Monday, 24 December 2012
Just a hasty message to wish you all a Happy Xmas and New Year. I was hoping to post one or two of the French Minden flags but that will have to wait until after Xmas now, I'm afraid. I've just run out of time, energy and all, before being submerged in the giddy and exhausting social round that is Xmas*. (Well, a very busy Xmas Eve awaits tomorrow, anyway.)
All good wishes,
[* a somewhat exaggerated and satirical comment. ;-)]
Posted by David at Monday, December 24, 2012
Monday, 12 November 2012
I was never very happy with the first generic French infantry template I did. It was crude and anatomically rather odd - looking much as if the man was overweight and somewhat slumped! So here's an improved version looking rather more upright, slim and soldierly... His tricorne is also improved.
I shall eventually redo all the French uniforms for Quebec that were previously based on the poor first template, with all the appropriate pocket and cuff variations.
I've now added the template coloured (and slightly modified) to represent the French infantry regiment La Sarre, one of the Quebec regiments whose flags I have already posted on the blog.
First raised 1651, the 2 battalion infantry regiment La Sarre supplied its 2nd battalion for the war in Canada. It arrived in 1756 as part of the convoy carrying the new commander Montcalm. It was at the capture of Oswego 1756; the capture of Fort William Henry 1757; the French victory of Ticonderoga 1758; the siege of Quebec and battles of Montmorency and the Plains of Abraham; elements surrendered at Fort Niagara 1759; it was at the French victory of Sainte Foy and the siege of Quebec 1760; and finally it was on the retreat to and at the surrender at Montreal 8th September 1760. Only the ordonnance flag was carried in Canada and was burned before the surrender at Montreal.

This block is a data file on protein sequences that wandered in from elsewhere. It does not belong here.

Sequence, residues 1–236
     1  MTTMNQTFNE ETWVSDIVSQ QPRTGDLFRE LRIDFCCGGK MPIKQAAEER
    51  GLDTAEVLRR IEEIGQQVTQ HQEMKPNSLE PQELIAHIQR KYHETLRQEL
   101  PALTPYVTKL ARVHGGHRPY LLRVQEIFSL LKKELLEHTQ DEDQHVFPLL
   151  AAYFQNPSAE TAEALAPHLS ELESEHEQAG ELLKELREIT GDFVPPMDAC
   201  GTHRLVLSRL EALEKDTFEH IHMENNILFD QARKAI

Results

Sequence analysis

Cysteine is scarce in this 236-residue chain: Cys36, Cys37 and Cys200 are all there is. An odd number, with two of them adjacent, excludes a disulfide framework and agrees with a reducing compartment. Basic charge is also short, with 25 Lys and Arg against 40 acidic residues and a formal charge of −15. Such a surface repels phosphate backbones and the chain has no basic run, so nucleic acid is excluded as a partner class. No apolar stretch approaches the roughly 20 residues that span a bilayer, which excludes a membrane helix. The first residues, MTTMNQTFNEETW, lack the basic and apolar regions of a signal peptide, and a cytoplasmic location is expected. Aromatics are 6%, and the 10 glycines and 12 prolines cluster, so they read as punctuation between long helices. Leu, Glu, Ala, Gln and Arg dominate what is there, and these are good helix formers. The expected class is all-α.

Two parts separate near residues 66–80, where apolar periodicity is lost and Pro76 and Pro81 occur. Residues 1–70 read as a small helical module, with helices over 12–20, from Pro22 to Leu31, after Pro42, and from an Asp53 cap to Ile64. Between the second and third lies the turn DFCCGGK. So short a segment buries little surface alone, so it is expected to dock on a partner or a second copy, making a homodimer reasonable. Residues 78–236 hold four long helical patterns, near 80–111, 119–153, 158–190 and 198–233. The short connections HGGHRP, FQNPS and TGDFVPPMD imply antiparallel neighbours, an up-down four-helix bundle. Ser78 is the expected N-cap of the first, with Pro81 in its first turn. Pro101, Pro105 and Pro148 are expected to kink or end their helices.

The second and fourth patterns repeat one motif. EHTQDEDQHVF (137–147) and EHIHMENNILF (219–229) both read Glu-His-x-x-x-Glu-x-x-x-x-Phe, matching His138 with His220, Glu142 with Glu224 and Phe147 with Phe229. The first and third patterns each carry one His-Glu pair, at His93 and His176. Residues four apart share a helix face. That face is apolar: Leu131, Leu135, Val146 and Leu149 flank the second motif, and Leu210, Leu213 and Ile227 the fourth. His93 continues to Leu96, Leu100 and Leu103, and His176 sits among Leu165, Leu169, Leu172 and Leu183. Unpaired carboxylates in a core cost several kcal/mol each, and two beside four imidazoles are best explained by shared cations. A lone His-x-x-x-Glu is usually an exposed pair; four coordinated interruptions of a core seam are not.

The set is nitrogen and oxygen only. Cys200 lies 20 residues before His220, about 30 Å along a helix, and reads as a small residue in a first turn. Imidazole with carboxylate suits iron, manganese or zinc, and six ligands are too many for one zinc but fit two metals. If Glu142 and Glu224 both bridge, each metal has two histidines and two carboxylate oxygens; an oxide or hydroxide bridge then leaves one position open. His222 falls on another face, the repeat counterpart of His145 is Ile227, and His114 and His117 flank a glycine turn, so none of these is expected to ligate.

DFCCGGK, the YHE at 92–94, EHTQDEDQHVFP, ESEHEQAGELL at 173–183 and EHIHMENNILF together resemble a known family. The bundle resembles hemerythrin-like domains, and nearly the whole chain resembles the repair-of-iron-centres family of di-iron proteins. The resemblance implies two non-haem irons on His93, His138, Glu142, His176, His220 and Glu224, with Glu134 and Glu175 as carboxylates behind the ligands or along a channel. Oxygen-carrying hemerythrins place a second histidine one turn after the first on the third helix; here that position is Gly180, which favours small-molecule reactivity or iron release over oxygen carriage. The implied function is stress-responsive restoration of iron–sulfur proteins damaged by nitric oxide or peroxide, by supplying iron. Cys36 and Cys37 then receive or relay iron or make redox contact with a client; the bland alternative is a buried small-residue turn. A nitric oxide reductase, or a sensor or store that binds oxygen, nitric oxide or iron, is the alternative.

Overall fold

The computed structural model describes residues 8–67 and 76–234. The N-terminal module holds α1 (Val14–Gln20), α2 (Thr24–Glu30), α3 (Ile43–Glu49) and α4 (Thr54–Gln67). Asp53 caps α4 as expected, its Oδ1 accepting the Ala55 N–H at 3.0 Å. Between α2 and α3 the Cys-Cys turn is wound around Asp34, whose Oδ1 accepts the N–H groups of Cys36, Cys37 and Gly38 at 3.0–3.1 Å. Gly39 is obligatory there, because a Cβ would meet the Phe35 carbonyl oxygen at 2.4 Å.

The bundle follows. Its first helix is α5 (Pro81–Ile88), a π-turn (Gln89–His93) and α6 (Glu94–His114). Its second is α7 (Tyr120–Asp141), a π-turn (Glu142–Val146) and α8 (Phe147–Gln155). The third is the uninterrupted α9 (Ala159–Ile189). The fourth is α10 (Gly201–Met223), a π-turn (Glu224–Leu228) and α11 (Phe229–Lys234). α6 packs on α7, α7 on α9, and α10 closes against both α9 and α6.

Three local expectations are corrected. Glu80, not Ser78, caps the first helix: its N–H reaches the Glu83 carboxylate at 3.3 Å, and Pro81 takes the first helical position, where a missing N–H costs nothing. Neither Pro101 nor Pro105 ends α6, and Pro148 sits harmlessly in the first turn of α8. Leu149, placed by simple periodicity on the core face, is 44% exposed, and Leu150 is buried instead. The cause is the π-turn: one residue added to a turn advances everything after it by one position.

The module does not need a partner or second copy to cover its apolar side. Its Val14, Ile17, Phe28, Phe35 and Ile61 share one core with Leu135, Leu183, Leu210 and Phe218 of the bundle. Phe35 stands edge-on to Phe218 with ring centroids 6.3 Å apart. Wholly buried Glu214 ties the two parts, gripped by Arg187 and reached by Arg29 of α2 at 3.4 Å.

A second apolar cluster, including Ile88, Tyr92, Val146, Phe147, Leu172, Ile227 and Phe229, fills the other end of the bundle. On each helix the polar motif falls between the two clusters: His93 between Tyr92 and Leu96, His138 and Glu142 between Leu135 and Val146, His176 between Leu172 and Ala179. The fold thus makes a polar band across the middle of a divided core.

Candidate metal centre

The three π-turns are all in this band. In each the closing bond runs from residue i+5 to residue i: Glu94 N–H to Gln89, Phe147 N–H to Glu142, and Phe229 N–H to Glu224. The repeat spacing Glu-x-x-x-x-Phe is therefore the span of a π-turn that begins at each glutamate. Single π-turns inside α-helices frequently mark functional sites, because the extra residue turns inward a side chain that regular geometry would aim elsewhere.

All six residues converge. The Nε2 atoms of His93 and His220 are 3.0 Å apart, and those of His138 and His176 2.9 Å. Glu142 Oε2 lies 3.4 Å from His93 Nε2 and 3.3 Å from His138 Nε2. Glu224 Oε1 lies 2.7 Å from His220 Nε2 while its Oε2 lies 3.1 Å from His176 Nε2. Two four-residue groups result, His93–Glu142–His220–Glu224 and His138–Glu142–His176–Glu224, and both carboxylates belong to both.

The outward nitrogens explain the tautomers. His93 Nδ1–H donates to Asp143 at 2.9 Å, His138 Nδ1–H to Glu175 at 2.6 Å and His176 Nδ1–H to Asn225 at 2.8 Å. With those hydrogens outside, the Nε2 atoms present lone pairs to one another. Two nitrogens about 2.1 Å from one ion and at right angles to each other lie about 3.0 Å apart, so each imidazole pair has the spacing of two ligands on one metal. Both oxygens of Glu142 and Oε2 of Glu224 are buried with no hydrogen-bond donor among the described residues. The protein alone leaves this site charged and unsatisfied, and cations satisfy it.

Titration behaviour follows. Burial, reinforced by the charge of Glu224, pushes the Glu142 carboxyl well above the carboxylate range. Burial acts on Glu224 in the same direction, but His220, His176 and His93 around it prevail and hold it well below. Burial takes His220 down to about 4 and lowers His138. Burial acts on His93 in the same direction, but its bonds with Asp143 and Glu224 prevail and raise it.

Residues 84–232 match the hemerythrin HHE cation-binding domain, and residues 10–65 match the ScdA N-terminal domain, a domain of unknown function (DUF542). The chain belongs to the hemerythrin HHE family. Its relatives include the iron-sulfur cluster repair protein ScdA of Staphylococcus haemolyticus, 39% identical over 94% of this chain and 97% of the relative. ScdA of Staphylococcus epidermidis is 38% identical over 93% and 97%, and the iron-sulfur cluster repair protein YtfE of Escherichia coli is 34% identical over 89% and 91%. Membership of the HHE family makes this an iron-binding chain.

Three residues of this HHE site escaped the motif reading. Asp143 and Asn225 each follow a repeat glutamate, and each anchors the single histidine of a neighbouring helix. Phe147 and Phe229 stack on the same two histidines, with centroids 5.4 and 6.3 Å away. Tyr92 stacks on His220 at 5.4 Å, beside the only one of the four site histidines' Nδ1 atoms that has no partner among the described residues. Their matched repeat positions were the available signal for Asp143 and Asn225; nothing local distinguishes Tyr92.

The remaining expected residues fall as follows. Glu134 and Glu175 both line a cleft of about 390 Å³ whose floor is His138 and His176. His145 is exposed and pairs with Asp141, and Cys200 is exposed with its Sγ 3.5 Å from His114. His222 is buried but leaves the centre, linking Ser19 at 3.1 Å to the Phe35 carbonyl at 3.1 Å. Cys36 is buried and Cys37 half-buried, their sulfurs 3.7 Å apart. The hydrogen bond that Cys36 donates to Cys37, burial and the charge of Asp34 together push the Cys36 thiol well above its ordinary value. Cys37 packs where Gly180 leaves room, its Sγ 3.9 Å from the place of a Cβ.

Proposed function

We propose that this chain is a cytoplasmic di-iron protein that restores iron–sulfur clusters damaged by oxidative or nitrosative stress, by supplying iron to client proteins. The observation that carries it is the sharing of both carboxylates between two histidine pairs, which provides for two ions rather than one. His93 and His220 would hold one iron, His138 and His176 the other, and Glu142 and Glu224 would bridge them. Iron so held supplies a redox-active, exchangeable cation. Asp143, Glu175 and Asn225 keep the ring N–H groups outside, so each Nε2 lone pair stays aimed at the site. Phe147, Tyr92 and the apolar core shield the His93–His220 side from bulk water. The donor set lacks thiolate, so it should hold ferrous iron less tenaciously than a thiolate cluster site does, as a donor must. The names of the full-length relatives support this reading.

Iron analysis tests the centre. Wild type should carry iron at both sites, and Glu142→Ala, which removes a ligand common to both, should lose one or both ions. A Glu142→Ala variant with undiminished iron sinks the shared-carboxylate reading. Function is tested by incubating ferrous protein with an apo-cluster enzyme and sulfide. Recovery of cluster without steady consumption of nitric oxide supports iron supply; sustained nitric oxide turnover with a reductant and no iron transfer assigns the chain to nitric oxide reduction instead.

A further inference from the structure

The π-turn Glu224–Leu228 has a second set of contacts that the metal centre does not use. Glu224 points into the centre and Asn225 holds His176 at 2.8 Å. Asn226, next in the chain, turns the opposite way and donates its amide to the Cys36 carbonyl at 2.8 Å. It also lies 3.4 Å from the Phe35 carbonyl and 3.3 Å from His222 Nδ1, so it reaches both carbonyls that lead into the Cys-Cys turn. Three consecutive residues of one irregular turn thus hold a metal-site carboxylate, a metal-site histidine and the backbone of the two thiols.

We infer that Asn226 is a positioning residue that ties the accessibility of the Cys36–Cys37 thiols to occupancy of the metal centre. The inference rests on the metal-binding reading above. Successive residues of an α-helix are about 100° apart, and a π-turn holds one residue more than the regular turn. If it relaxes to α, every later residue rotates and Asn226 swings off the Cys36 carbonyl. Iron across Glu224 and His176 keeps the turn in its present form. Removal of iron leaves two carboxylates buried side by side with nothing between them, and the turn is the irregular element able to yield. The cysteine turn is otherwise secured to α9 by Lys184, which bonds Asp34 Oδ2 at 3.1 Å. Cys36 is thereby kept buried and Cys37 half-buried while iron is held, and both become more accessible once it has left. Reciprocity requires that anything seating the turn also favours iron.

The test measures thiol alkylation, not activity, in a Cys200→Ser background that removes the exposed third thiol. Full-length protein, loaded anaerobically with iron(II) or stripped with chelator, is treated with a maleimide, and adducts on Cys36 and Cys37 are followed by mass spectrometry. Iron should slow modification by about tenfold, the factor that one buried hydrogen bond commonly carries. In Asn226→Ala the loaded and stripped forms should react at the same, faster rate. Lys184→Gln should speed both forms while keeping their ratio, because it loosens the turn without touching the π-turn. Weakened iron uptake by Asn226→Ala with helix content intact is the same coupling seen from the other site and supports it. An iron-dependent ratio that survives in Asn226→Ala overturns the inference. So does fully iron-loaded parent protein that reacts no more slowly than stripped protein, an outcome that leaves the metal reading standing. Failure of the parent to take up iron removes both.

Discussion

Also now added below the French Infantry Regiment Guyenne, another Quebec regiment.
Posted by David at Monday, November 12, 2012
Monday, 3 September 2012
I really like the elegance and style (as well as pleasing simplicity of many) of the 18th century French flags. Having now finished doing the flags of the regular French regiments that fought at Quebec I think I may well take a stab at doing the flags (infantry, at least) of the French army at Minden 1759. Watch this space! :-)
Posted by David at Monday, September 03, 2012
Thursday, 9 August 2012
And finally, the last of the French (regular) infantry in Canada flag series.
First raised 1684, the 2 battalion infantry regiment Béarn supplied its 2nd battalion for the war in Canada. It arrived in 1755. It was at the capture of Oswego in 1756; the capture of Fort William Henry in 1757; the victory of Ticonderoga 1758; the siege of Quebec and battles of Montmorency and the Plains 1759; the surrender of Fort Niagara 1760 (detachment); the victory of Ste. Foy and siege of Quebec 1760; and finally surrendered with the others at Montreal on the 8th September 1760, where the colours were all burned to prevent capture. The captured battalion returned to France in 1760 and the regiment was disbanded on the 25th November 1762. Only the ordonnance flag as depicted here was carried in Canada.